Health Reports

A Canadian peer-reviewed journal of population health and health services research

May 2019

Does geography matter in mortality? An analysis of potentially avoidable mortality by remoteness index in Canada

by Rajendra Subedi, T. Lawson Greenberg and Shirin Roshanafshar

Despite the tremendous amount of ongoing research, the mechanism of urban–rural health disparities is not fully understood in Canada. Although rural and remote location in itself may not necessarily lead to poor health, it may influence other socioeconomic, environmental and occupational health determinants. There is noticeable heterogeneity within and between rural communities in Canada in terms of socioeconomic and geographic characteristics. However, in general, people who live in rural communities have limited access to health care services and have worse health outcomes than their urban counterparts. This may lead to disproportionate mortality rates between urban and rural communities.

Abstract Full article PDF version The Daily release

Related articles

Does geography matter in mortality? An analysis of potentially avoidable mortality by remoteness index in Canada

A pan-Canadian measure of active living environments using open data

by Thomas Herrmann, William Gleckner, Rania A. Wasfi, Benoît Thierry, Yan Kestens and Nancy A. Ross

Modifiable elements of neighbourhood environments (e.g., number of sidewalks, proximity to commercial services, population density) can increase rates of active transportation (walking and cycling for the purpose of transportation, and using public transportation). Public health and urban planning researchers often measure three characteristics of communities that support active travel: higher street connectivity (e.g., intersection density, route directness), higher density (e.g., population density, dwelling density), and greater numbers and diversity of nearby destinations. Canadian research suggests that exposure to these favourable “active living environments” is associated with more optimal markers of health, including more optimal systolic blood pressure, decreased obesity, overweight and diabetes prevalence, and improved body mass trajectories among men.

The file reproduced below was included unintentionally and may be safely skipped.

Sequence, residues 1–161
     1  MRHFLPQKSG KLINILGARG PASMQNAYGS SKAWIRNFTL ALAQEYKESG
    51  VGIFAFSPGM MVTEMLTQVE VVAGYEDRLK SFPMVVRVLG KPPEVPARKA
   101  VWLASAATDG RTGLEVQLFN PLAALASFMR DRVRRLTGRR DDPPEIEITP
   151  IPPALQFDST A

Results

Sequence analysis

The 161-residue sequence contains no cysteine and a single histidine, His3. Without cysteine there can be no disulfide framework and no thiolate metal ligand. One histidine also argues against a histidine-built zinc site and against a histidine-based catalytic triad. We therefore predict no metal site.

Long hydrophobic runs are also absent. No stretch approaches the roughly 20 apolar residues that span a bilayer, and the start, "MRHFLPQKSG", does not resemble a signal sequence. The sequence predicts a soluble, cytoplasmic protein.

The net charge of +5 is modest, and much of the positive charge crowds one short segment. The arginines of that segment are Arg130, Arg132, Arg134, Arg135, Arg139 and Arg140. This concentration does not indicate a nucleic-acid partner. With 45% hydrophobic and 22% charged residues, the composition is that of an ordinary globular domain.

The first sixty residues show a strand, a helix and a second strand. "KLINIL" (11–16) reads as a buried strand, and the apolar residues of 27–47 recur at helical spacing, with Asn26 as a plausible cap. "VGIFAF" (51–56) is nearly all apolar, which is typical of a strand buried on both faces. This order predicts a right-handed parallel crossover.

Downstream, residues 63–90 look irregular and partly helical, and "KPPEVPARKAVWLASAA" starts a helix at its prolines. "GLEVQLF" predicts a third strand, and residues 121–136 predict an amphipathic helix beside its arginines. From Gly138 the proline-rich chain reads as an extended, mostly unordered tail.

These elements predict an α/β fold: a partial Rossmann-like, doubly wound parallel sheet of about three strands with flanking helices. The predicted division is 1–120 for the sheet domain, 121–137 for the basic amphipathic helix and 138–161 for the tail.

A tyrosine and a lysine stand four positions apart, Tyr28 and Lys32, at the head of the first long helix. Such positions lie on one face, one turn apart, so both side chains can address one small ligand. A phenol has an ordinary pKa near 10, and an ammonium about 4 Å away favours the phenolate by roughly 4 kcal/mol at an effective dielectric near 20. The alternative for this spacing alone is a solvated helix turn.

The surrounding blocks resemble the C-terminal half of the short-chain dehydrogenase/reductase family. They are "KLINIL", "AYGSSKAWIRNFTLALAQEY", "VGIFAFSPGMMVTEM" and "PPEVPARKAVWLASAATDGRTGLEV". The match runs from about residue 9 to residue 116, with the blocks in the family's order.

Abstract Full article PDF version The Daily release

Related articles

A pan-Canadian measure of active living environments using open data

Factor structure of a coping measure in the 2013 Canadian Forces Mental Health Survey

by Jennifer E.C. Lee, Stacey Silins and Christine Frank

Coping is commonly believed to represent efforts to prevent or lessen threat, harm and loss, or to reduce distress. This concept was brought to the forefront of research as part of the body of work on cognitive appraisals that grew in the 1970s. In particular, based on the cognitive appraisal theory of stress, when individuals face a potentially threatening or stressful event, they engage in primary appraisal, where they assess the level of personal threat that they encounter. This is followed by a secondary appraisal, during which individuals assess the extent of resources they have available to help them deal with this threat. In response, individuals may experience a range of emotions that influence the specific coping strategies they use to deal with a threatening or stressful event.

Abstract Full article PDF version The Daily release

Related articles

Factor structure of a coping measure in the 2013 Canadian Forces Mental Health Survey

Date modified: